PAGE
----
Life Insurance Pregnancy Tips in Canada

Pregnancy is an exciting time for new and growing families. Learn how to keep your family protected with life insurance for pregnancies.

20 Minute read

Originally published: August 23, 2021
Updated: March 22, 2023

Pregnancy Life Insurance in Canada

Pregnancy is an exciting time for new and growing families. Learn how to keep your family protected with life insurance for pregnancies.

20 Minute read
Originally published: August 23, 2021
Updated: March 22, 2023

Pregnancy Life Insurance in Canada

Pregnancy is a time of joy and anticipation as you prepare to welcome a new life into your family. With the excitement of baby showers, nursery decorating, and picking out adorable baby clothes, it’s easy to overlook the practical side of planning for your growing family’s financial future. One essential aspect of this preparation is considering life insurance coverage. As an expectant mother, it’s crucial to ensure your family is protected in case of unforeseen circumstances. Choosing the right life insurance policy can be a daunting task, but it’s a vital component of providing financial security for your loved ones. In this blog, we’ll explore the importance of life insurance for pregnant women, discuss various policy options, and offer guidance on choosing the best coverage for your unique needs. Read on to learn how you can secure your family’s future and gain peace of mind during this exciting and transformative time in your life.

Case Study: Malak, a Pregnant Woman, Seeks Life Insurance Coverage

Can I get life insurance if I am pregnant?

Background: Malak, a 30-year-old woman, is four months pregnant with her first child. She is married and works as a software engineer, earning $90,000 per year. Her husband, Ahmed, earns $70,000 annually as a marketing manager. They have a mortgage on their home and some outstanding student loan debt. Malak is looking for life insurance coverage to protect her growing family’s financial future in case of her untimely death. She is in good health with no history of medical complications or pre-existing conditions. Steps Malak takes to find suitable life insurance coverage:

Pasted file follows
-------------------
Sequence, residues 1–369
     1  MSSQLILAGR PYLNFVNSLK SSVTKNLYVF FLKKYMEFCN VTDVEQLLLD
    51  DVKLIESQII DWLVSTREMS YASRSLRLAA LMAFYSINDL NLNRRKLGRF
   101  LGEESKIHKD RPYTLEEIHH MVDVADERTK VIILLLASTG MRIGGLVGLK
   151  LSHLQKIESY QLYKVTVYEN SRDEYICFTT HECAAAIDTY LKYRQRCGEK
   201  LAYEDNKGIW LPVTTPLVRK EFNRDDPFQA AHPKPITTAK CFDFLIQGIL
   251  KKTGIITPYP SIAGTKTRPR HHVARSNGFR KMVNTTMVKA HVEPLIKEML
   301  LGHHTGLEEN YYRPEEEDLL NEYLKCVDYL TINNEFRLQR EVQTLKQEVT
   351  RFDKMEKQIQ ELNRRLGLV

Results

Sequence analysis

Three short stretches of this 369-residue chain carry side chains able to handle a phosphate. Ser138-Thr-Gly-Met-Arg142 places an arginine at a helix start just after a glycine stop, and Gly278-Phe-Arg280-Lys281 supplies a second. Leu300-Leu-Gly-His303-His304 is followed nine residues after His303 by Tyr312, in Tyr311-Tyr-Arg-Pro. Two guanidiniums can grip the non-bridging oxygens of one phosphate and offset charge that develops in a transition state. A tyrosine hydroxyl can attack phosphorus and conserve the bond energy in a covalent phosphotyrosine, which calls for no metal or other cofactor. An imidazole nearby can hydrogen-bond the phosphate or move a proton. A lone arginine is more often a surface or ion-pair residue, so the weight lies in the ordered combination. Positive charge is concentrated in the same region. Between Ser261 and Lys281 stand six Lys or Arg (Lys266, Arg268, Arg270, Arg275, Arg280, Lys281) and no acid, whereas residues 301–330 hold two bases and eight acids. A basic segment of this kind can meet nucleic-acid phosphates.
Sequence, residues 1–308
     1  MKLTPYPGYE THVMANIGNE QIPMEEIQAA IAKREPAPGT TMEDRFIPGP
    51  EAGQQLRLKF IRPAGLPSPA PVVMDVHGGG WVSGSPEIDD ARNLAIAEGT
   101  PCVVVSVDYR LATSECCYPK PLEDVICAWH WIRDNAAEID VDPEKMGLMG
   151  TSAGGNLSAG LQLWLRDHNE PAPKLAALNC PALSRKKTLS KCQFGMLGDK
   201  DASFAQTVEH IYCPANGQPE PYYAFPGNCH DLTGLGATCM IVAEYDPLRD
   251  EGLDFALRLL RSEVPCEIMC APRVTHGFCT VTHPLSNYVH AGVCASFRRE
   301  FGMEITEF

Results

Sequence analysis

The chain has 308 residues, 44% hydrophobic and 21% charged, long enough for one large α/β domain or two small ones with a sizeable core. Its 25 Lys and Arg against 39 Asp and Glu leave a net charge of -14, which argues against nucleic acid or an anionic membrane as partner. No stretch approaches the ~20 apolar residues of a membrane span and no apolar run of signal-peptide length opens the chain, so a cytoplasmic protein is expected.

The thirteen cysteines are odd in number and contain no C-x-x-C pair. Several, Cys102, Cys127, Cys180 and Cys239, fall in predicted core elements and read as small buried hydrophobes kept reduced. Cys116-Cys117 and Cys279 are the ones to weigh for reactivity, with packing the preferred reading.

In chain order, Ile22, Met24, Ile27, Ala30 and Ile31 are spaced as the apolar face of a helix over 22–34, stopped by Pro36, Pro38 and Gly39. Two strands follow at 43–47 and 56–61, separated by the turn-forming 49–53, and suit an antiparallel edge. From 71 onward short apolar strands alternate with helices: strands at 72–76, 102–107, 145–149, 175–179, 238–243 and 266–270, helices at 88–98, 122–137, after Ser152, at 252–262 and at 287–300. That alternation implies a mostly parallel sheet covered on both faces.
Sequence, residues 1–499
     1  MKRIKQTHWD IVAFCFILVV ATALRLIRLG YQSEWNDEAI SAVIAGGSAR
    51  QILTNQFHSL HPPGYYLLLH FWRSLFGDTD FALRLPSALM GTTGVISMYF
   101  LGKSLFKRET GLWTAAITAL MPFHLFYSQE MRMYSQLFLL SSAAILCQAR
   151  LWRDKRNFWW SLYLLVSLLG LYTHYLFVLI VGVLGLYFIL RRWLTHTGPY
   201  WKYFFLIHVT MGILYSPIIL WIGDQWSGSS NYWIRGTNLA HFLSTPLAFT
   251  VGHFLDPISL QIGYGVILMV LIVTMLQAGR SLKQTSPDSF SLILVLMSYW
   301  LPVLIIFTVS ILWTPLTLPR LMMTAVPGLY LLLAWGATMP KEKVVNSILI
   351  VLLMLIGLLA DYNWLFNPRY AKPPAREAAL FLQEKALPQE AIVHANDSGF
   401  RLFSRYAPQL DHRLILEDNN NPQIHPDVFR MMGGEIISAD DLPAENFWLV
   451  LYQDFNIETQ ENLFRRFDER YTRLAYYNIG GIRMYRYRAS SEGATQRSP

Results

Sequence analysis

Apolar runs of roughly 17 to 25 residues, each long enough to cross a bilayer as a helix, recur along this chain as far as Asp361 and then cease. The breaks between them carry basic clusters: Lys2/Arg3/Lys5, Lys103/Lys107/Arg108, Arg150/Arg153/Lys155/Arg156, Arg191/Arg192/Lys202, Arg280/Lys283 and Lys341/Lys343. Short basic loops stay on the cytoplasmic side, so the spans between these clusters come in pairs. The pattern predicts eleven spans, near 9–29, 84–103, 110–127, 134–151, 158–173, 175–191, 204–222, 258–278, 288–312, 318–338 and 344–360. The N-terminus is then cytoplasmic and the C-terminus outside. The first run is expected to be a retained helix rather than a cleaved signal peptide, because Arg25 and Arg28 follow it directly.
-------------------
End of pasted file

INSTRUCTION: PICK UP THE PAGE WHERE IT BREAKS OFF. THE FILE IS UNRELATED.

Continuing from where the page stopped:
1. Identifying the type of policy: Malak researches term life and whole life insurance policies. She opts for a term life policy because it offers affordable coverage for a specified period, aligning with her family’s financial obligations, such as paying off the mortgage and raising their child.
  2. Estimating coverage amount: Malak calculates her life insurance needs by considering income replacement, debt, childcare expenses, future education costs, and inflation. She decides on a policy that offers 10 times her annual income, providing $900,000 in coverage.
  3. Choosing policy term: Malak selects a 30-year term, ensuring coverage until her child is 30 years old and their mortgage is paid off.
  4. Comparing premiums: Malak compares premium rates from different insurance providers. Despite being pregnant, she finds a company that offers competitive premiums without significantly increasing her rates due to her pregnancy.
  5. Reviewing riders and additional benefits: Malak considers adding a waiver of premium rider and a child term rider to her policy, providing additional protection for her family and covering her child in case of her disability or the child’s death.
  6. Underwriting process: Malak provides the necessary information during



Can I get life insurance if I am pregnant?

Can You Get a Life Insurance Policy While Pregnant?

Pregnant applicants can get approved for life insurance coverage, though it’s better to get life insurance sooner than later. Insurance companies tend to evaluate pregnant applicants on a case-by-case basis, but generally, you’ll be able to get the same quotes as you would prior to your pregnancy if you:

  • Are in the first trimester of pregnancy (weeks 1-12)
  • Haven’t experienced any pregnancy-related complications
  • Don’t have pre-existing conditions that could cause complications
  • Have no history of complications from a previous childbirth

During the first trimester of your pregnancy, you are less likely to be experiencing pregnancy-related health complications, and would be closer to your regular weight (which is a factor in determining your rates), making your rates similar to rates you would receive prior to pregnancy. Weight gain during your pregnancy is expected and understood by your insurers, who will tend to make some adjustments for the weight gained during pregnancy when determining your rates. But the later into your pregnancy, the more at risk you are of developing health risks.